Image Quizzes

Fatigue and blurred vision

Reviewed by Courtney Whittle, MD, MSW, Diplomate of ABOM

IR_Stone / Thinkstock

A 32-year-old Asian American woman (gravida 2 para 1) presents at 26 weeks' gestation for experiencing fatigue and blurred vision. The patient's previous pregnancy 3 years earlier was an uncomplicated vaginal delivery at 38 weeks' gestation. The baby weighed 7 lb 8 oz at delivery. The patient's maternal family history is notable for hypertension and type 2 diabetes (T2D). At the time of presentation, the patient is 5 ft 4 in, and her prepregnancy body mass index (BMI) was 31.8. Physical examination reveals blood pressure of 130/88 beats/min and fetal heart tones at 148 beats/min. She does not report ocular pain and there is no evidence of ocular redness, swelling, or discharge. The patient reports viral gastroenteritis approximately 10 days earlier, which has since resolved. A 1-hour oral glucose tolerance test (OGTT) at 24 weeks was abnormal; a subsequent 3-hour OGTT showed:

• 109 mg/dL (7:30 AM)
• 205 mg/dL (8:30 AM)
• 164 mg/dL (9:30 AM)
• 166 mg/dL (10:30 AM)

What is the diagnosis?

Adult optic neuritis


Gestational diabetes

Fungal endophthalmitis

Gestational diabetes is a significant health problem worldwide that is associated with immediate and lifelong consequences for the affected woman and her infant. Gestational diabetes increases the risk for pregnancy-related complications, such as induced labor, cesarean delivery, and preeclampsia. There is also an increased risk for neonatal complications, including large-for-gestational-age birth weight, shoulder dystocia, birth injuries, lung disease, jaundice, and hypoglycemia. Regardless of birth weight, neonates born to mothers with gestational diabetes have greater adiposity than do neonates born to mothers without obesity and with normal glucose tolerance, and they have a predilection toward obesity and obesity-related metabolic disorders, including T2D in childhood and adulthood. Similarly, women who develop gestational diabetes have an increased lifetime risk for T2D as well as an increased risk for cardiovascular disease even if they do not progress to T2D.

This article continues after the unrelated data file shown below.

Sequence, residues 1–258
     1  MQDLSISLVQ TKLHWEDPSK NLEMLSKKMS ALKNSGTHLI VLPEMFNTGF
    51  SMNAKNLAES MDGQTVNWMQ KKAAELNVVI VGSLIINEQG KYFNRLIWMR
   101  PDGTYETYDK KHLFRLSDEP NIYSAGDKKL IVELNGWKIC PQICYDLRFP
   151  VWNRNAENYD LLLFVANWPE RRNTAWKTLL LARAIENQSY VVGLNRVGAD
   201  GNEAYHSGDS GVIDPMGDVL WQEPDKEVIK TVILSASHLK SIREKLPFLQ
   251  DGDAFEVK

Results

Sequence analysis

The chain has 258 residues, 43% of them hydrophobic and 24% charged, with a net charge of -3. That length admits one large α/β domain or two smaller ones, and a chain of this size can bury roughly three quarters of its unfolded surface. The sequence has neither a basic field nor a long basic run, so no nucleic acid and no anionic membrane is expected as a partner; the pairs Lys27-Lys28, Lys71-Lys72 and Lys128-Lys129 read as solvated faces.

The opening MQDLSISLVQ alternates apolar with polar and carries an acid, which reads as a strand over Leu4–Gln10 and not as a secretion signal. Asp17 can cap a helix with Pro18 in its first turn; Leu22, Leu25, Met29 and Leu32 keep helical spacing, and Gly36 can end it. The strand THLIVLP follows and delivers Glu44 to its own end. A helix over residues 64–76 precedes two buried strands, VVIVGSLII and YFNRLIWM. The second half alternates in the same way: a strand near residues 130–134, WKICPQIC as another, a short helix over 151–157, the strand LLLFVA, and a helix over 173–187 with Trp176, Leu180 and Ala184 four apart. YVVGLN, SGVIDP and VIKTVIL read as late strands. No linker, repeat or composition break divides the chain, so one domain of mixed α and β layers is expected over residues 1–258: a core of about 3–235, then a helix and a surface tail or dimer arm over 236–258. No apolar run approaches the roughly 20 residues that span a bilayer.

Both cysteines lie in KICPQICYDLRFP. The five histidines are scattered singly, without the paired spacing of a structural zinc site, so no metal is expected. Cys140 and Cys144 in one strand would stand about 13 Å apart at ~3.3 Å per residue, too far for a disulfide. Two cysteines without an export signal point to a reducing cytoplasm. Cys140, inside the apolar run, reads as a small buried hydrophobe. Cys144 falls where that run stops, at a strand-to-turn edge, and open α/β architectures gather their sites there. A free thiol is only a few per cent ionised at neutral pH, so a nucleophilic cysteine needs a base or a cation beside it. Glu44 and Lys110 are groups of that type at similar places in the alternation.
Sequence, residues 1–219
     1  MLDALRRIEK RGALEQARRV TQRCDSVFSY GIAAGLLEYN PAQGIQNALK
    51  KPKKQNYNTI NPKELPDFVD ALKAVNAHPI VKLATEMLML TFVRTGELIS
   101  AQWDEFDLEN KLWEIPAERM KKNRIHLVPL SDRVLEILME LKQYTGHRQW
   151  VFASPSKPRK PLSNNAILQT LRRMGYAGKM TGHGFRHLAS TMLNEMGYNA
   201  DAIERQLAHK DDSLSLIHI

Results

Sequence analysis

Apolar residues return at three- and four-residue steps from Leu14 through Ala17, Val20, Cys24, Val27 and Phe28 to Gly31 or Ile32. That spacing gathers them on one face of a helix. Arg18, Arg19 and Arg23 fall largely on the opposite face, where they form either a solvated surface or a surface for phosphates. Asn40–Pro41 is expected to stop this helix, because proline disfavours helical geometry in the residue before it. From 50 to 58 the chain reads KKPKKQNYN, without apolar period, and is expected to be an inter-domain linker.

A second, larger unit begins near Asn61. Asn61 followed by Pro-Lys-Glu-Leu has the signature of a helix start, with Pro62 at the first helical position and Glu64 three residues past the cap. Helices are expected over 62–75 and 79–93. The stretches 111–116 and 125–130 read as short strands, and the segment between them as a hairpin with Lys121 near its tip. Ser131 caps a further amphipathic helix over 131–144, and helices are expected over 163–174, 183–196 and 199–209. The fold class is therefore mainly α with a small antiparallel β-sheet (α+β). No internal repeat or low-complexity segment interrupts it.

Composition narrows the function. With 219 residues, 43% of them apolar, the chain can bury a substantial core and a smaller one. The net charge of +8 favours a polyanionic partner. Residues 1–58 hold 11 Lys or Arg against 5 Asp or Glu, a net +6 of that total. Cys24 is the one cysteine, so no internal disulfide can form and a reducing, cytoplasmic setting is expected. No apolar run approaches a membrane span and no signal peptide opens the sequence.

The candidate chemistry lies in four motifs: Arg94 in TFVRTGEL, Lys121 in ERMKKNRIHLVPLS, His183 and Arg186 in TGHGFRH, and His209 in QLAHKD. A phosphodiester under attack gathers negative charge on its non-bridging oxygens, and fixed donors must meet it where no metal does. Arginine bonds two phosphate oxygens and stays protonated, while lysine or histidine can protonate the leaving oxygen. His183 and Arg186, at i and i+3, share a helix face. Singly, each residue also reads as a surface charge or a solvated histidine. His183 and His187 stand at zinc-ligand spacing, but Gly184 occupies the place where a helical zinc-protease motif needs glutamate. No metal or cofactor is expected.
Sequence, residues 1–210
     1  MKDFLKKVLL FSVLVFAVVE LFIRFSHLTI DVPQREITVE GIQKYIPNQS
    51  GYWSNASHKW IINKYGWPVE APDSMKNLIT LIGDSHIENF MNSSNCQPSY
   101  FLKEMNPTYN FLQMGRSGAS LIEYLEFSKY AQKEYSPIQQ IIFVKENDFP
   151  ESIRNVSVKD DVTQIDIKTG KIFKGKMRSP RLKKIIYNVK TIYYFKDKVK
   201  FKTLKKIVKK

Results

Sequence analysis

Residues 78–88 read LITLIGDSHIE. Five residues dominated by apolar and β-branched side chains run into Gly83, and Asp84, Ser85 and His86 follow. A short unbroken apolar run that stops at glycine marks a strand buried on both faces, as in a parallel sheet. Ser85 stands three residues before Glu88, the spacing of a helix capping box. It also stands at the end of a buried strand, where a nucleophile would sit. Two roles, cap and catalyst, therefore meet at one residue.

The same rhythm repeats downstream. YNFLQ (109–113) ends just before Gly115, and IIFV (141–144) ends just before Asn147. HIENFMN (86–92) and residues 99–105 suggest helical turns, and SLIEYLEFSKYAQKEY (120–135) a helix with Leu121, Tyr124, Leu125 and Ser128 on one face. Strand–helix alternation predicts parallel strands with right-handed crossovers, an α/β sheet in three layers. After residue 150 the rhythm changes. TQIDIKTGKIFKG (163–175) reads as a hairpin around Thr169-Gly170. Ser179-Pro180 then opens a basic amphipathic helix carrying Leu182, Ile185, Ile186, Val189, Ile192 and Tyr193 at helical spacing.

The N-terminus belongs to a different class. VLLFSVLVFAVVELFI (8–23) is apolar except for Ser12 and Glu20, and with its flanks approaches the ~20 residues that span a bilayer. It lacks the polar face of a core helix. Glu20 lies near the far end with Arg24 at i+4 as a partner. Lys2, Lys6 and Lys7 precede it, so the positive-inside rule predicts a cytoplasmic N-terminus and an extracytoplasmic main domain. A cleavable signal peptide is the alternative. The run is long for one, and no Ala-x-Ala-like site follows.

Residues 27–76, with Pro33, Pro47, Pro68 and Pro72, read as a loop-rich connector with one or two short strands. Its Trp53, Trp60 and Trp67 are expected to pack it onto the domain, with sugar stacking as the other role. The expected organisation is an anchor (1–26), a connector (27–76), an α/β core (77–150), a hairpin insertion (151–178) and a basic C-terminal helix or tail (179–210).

According to the International Diabetes Federation, 1 in 6 pregnancies is affected by gestational diabetes. Risk factors include higher age and BMI, previous history of gestational diabetes, a family history of T2D, and polycystic ovarian syndrome. Patients may have few, if any, symptoms of gestational diabetes, or they may mistake their symptoms for the normal side effects of pregnancy. Potential symptoms include blurred vision, tingling or numbness in the hands and/or feet, excessive thirst, frequent urination, sores that heal slowly, and excessive fatigue.

The American Diabetes Association (ADA) states that the treatment of gestational diabetes should include medical nutrition therapy, physical activity, and weight management, depending on pregestational weight. Glucose monitoring is essential: Patients should aim for fasting glucose < 95 mg/dL (5.3 mmol/L) and either 1-hour postprandial glucose < 140 mg/dL (7.8 mmol/L) or 2-hour postprandial glucose < 120 mg/dL (6.7 mmol/L). According to the ADA, insulin should be added to lifestyle modifications if needed to achieve glycemic targets. Metformin and glyburide are not recommended as first-line agents because both cross the placenta to the fetus. Long-term safety data are not available for the use of other oral and noninsulin injectable glucose-lowering medications during pregnancy.

Courtney Whittle, MD, MSW, Diplomate of ABOM, Pediatric Lead, Obesity Champion, TSPMG, Weight A Minute Clinic, Atlanta, Georgia.

Courtney Whittle, MD, MSW, Diplomate of ABOM, has disclosed no relevant financial relationships.

Image Quizzes are fictional or fictionalized clinical scenarios intended to provide evidence-based educational takeaways.

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